Nineteen months ago, an energetic Republican Congress bent on revolutionizing Washington had in its cross-hairs the Agency for Health Care Policy and Research, a quality-research branch of HHS.
As they drew up budget documents for fiscal 1996, which began Oct. 1, 1995, both houses of Congress set out to gut the AHCPR. The reason: GOP leaders believed-apparently in error-that the Clinton administration had designated it as the agency that would have carried out the president's healthcare reform plan if it had been enacted.
With the plan's demise, there was no point in keeping the agency alive, Republican lawmakers argued.
All this came despite the fact the AHCPR had been in existence since 1990, two years before Clinton was elected to the White House.
The House Budget Committee proposed complete elimination of the agency, saving $139 million a year. The Senate Budget Committee, which originally made the off-the-mark assertion about the AHCPR's role, called for a 75% reduction in its budget.
"That characterization, one of many of the agency, was caught up in the fervor of the first few months of Congress to downsize government," said AHCPR Administrator Clifton Gaus. "We're a small part of the healthcare system. We were an easy target."
Today, as Gaus prepares to leave government, the agency has bounced back from that image and has managed to survive the budget battle, partly through a quiet lobbying campaign and partly by remaking itself to better fit private-sector needs.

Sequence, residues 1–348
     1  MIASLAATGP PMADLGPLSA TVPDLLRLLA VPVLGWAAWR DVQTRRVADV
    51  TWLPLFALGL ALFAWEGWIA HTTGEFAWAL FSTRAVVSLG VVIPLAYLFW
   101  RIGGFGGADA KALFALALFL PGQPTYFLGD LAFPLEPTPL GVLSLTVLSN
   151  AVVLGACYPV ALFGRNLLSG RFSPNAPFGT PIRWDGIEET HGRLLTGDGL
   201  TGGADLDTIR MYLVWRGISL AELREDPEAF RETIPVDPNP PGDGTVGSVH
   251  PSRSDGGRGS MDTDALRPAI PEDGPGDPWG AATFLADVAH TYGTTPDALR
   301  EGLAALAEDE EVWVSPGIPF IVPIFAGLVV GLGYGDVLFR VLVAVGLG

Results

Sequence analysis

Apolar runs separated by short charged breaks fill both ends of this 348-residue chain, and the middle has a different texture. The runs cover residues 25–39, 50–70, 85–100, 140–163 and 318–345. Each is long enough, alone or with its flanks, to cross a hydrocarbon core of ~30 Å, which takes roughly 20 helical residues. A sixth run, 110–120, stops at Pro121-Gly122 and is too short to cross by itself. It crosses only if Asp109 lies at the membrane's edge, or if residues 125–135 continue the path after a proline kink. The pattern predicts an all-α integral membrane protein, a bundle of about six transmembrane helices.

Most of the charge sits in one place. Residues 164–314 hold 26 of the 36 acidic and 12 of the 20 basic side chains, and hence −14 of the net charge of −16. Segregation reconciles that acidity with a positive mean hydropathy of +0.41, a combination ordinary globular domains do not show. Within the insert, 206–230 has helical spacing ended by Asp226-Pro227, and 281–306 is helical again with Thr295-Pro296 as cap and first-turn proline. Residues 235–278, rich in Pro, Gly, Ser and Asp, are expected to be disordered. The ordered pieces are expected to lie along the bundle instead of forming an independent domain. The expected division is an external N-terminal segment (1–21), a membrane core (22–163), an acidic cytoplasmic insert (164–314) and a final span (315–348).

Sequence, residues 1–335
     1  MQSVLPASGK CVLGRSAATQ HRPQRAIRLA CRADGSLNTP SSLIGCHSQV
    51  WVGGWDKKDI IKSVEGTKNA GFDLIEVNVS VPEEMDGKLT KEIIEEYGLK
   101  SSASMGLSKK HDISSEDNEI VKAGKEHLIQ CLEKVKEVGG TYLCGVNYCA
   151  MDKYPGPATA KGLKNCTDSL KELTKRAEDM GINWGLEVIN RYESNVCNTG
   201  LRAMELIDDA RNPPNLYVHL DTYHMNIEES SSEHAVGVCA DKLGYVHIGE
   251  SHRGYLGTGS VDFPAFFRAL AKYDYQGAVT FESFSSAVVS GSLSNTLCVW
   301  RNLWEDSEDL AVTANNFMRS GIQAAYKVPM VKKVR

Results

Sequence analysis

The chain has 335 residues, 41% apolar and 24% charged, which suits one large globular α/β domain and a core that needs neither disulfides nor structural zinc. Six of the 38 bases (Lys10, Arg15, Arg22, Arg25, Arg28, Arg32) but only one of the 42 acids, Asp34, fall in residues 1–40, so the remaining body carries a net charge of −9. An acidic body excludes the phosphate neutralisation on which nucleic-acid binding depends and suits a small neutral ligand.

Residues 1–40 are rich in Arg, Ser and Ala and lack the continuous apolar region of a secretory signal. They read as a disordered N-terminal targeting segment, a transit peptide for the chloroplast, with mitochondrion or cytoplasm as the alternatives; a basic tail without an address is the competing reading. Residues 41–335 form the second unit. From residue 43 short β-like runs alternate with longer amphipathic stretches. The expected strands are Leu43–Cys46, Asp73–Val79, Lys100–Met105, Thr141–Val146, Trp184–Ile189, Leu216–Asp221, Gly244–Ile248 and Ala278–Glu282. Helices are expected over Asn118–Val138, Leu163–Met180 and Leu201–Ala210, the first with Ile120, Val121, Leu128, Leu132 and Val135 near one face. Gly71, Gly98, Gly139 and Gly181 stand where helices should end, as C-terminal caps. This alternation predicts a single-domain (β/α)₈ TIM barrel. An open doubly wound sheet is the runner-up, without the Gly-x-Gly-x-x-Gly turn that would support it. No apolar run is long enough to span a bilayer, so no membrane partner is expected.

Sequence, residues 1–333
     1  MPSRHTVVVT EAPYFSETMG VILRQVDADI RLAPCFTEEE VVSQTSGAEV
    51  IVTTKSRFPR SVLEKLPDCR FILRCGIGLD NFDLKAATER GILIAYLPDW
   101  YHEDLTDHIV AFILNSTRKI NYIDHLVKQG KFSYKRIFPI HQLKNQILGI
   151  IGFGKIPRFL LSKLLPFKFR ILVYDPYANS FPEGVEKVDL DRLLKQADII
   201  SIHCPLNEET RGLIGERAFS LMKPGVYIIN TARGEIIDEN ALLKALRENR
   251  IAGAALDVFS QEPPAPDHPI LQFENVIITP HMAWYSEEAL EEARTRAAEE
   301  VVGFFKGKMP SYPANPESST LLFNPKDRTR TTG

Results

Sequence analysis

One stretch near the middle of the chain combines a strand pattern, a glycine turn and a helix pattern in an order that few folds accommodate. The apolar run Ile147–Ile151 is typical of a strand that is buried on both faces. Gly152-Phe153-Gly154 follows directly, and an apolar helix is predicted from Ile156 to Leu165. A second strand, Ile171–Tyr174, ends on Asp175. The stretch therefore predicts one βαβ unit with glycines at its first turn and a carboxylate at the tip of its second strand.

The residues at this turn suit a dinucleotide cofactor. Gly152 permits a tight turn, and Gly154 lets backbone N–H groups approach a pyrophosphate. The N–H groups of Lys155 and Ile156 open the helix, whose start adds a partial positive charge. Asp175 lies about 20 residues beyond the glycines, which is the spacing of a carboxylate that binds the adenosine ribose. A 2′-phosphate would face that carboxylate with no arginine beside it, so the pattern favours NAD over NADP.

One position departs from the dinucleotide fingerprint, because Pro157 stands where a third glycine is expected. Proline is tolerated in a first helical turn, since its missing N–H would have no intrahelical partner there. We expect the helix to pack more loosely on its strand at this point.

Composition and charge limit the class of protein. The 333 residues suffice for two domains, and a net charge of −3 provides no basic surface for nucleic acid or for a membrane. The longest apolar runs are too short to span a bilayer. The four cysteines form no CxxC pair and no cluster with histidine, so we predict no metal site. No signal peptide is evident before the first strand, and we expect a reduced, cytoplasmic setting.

The AHCPR enlisted "champions" such as Sen. Bill Frist (R-Tenn.), a transplant surgeon, and Rep. William Thomas (R-Calif.), chairman of the House Ways and Means health subcommittee, to make the agency's case to colleagues who didn't always understand its role in quality improvement.
The result: The AHCPR held on to a reduced budget of $125 million in federal fiscal 1996, which ended Sept. 30, and received an increase of about $20 million for fiscal 1997.
"It's clear we are over all that doubt and criticism," Gaus said in a recent interview. "That's one of the reasons I feel comfortable about leaving."
But prodded by some of those same members of Congress, as well as representatives of the private sector, the agency has remade itself to perform functions that private providers can't do and end those the private sector already does.
Gone is the expensive, time-consuming and often controversial effort to develop clinical practice guidelines for the private sector. Instead, the agency will assist private-sector organizations and providers in developing their own guidelines, including cost-effectiveness and appropriateness policies. AHCPR centers will collect and synthesize data for private-sector organizations drafting guidelines.
The agency recently sent out bid solicitations. Gaus said the AHCPR probably will award the contracts this spring.